This story originally appeared in the October 2012 (Volume 41, Issue 2) issue of POWDER.
WORDS: Anthony Bonello
PHOTOS: Jordan Manley
The potholed road is a creek. Water rushing in a strong current against us, we’re corralled by snowbanks that parallel the road and rise above our rental car windows, concealing nearly-buried homesteads. Elderly women wearing head scarves and knitted cardigans hunch over shovels, paddling water and chunks of ice from their garden paths. Though this is the only road to the popular ski area Malyovitsa, two hours south of the Bulgarian capital Sofia, locals look at us like no one has been through here in years. The monumental storm that hit Eastern Europe in late January 2012, isolating thousands of small villages like this one, is only now releasing its grip.
Chad Sayers, Forrest Coots, photographer Jordan Manley, and I had converged in Bucharest, Romania, in late February, baited by the prospect of skiing a 100-year storm. The 16 feet of snow, along with temperatures bottoming at negative 22 degrees Fahrenheit for weeks at a time, oppressed a region—from Poland in the north, east to Ukraine, south to Albania, and back west to Italy.
We arrived in the wake of innumerable tales of misery: A family whose propane tank exploded while they tried to keep warm. An avalanche that flattened a house, claiming 10, but sparing a 5-year-old girl. In four weeks, 824 people perished from exposure, the inability to reach medical help, and accidents caused by the threatening conditions, like the falling foot-long icicles we dodged on the streets of Bucharest.
Having landed after the worst of the storm to spiking temperatures, we abandoned the damp fog of Romania and took the overnight train to Sofia on the recommendation of Emanuil Emanuilov, a local skier since 1986. Taking his advice, we made our way to a rustic stone cabin, also called Malyovitsa, located in the heart of the 8,000-foot-high Rila Mountains in southwest Bulgaria and surrounded by a variety of ski-touring options. Emanuilov tells us that’s where the most snow has fallen. They have a six-foot base.
Standing in a granite notch atop a 50-degree ribbon of fresh snow, I find myself face-to-face with the conditions we had feared we missed. Pushing off is literally like diving in. My tips don’t reemerge for over 1,000 feet, swimming under two feet of crystalline chaos. Streaking out the mouth of the chute, the wind recycles face shots from previous turns, blowing them back over me.
Our turns expire at the skin track. The cabin should be visible— it’s not more than a 10-minute hike from here—but with the blizzard raging, we feel far removed from any solace beyond the satisfaction of feeling soft snow in our faces. Two more impressive gullies stacked 100 feet apart and demarcated by rimed, vertical, granite walls stand indignant toward the squall. Skiing solo while the others shoot photos in the next corridor over, I muse that while locals may lament the continued hostile weather, this feels like the most secure thing I could be doing at the moment.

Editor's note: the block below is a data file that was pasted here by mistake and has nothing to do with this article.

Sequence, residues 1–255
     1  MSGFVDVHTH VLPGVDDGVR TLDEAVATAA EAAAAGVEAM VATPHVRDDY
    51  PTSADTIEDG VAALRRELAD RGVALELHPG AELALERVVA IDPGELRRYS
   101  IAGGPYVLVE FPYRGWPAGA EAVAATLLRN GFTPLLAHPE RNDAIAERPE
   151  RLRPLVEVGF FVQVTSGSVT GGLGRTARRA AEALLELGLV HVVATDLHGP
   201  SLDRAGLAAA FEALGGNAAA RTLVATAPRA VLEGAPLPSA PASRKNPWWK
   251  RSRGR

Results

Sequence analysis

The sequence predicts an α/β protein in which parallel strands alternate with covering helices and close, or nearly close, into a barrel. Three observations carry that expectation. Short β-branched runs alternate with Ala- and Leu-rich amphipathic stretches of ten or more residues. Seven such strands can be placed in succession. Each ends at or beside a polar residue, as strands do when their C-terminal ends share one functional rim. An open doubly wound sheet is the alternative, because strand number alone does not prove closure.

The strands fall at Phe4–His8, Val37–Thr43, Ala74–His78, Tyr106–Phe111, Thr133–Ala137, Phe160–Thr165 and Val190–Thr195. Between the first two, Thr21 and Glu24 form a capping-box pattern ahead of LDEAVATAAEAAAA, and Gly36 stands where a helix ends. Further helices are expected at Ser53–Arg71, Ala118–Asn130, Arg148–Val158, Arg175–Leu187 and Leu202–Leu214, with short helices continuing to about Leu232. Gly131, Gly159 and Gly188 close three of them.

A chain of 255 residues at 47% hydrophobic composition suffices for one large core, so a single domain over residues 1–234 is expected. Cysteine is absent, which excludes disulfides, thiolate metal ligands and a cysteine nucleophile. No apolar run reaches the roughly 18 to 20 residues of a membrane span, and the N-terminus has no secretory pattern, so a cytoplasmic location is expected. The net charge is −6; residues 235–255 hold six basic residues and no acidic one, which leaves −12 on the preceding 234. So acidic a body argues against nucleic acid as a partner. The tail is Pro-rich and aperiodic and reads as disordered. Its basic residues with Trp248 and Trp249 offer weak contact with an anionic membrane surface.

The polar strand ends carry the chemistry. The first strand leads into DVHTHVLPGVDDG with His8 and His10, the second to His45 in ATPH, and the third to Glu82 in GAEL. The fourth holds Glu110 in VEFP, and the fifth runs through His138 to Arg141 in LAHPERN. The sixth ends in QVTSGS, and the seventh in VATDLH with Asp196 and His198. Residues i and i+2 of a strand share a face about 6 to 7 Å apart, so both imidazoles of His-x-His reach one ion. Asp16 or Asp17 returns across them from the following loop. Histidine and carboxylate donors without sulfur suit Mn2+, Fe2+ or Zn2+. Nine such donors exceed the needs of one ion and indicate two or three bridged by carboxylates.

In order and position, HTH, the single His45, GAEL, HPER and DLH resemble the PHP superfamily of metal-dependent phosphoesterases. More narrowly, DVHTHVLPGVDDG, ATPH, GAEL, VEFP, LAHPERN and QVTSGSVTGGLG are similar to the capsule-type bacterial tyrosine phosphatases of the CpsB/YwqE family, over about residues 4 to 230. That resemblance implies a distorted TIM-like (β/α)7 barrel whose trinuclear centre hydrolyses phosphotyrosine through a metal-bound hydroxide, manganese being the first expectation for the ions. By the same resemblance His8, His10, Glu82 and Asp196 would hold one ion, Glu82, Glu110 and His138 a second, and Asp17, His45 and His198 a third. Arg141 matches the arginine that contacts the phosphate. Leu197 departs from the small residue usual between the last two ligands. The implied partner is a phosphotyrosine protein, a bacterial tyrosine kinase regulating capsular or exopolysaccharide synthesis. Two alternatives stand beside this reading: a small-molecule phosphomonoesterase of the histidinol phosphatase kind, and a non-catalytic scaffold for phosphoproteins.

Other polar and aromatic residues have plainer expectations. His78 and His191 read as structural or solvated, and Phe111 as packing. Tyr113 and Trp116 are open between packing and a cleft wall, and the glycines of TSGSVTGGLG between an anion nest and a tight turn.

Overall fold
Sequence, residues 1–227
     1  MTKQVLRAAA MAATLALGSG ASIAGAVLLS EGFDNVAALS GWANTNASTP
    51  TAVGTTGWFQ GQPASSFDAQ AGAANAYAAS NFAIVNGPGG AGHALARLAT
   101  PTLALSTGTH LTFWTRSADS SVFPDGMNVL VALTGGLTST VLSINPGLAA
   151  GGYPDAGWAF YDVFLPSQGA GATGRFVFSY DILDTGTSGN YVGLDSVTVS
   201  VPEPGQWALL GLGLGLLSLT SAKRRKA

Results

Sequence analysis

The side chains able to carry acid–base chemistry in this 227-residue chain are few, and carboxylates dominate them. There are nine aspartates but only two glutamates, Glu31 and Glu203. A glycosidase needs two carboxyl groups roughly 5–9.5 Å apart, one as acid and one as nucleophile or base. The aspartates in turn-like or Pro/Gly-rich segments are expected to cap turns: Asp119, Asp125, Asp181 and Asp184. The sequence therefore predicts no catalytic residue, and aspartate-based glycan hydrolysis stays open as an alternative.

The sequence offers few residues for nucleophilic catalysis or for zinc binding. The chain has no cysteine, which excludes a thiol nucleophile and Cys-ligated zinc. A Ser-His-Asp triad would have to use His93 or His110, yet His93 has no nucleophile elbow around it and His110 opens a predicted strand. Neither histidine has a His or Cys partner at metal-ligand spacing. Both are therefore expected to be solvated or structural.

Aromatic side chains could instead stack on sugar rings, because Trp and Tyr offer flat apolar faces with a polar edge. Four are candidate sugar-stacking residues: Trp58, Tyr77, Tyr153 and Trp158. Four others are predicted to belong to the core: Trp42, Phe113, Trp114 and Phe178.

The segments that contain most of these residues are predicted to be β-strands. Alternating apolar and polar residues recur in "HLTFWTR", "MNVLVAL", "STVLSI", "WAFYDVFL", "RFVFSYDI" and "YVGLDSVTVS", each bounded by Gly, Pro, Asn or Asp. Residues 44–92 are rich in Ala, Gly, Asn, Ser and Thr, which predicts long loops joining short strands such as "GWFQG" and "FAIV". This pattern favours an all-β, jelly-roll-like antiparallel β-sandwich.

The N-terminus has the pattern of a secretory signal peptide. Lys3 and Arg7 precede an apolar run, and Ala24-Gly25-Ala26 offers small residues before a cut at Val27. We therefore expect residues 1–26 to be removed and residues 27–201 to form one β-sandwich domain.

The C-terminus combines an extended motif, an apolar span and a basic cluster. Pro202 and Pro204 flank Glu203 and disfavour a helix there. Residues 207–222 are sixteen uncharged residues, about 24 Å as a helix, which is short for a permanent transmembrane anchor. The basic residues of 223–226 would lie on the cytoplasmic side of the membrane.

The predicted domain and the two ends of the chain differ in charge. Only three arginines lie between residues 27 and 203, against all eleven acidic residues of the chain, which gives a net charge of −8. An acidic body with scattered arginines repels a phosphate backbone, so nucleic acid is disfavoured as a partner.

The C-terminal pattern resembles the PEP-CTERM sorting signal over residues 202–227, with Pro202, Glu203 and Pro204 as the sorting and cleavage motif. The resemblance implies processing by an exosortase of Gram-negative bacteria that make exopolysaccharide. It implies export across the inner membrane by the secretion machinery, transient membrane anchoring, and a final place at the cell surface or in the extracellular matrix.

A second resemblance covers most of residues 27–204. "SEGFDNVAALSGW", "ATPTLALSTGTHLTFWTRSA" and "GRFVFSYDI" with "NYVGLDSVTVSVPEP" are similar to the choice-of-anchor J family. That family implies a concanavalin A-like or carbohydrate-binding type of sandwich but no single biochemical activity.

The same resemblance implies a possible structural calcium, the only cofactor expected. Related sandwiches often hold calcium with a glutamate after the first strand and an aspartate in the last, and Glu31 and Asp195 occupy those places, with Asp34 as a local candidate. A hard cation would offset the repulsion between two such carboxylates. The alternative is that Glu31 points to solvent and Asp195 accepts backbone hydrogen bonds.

Drunk on exhaustion, we retreat to the cabin to the company of a pack of lethargic dogs and our toeless custodian. Ivan Maslarov, a famed Bulgarian climber, initially pays us little attention as he goes about his chores. He gradually warms up, though, as the snow outside buries the door, and eventually offers a plastic bottle of homebrew vodka. In broken English, Maslarov shares tales of his exploits on the Eiger, Matterhorn, Everest, and in the Caucasus Mountains of Russia. He lost all 10 toes to frostbite throughout the adventures.
“My earliest memory here is the first time I climbed the north face of Malyovitsa Peak in 1975,” he says. “There have been a lot of very hard winters, but this winter was special, because we have had a lot of long periods of cold weather. That is not typical for here.”
The next day, the wind is even more furious, forcing us to retreat to the clanking Malyovitsa ski area one mile back down the valley. Despite treacherous roads, a group on fat skis patronizes the one rolling Poma lift that climbs 1,200 feet to a forested ridge. A second Poma that stretches 150 feet and nearly runs downhill occupies a half dozen beginners.
The tight spruce glades skier’s left of the lift offer thigh-deep turns and face shots as we plow through the wind-packed upper layers like icebreaker boats. Skiers brace against the maelstrom, the wind blowing the Poma track off its original path. The storm will be another blow to the Bulgarian people ill-equipped to handle its effects. For us, it’s exactly why we came.
How to Get There: Flights from most major European hubs to Sofia cost around $300. Be sure your rental car has all-wheel drive and chains, as the two-hour drive to Malyovitsa is rough.
General Info: Lift tickets at Malyovitsa cost $16. The Malyovitsa Hut has over 14 rooms and 80 beds and can be self-catered or catered. The fridge is stocked with beer, and if you ask Ivan Maslarov about his climbing exploits, he may offer you a nip of homemade vodka. Skiing is accessed by a one-hour tour from the hut. Food, beer, and a bed for two nights costs about $26/person.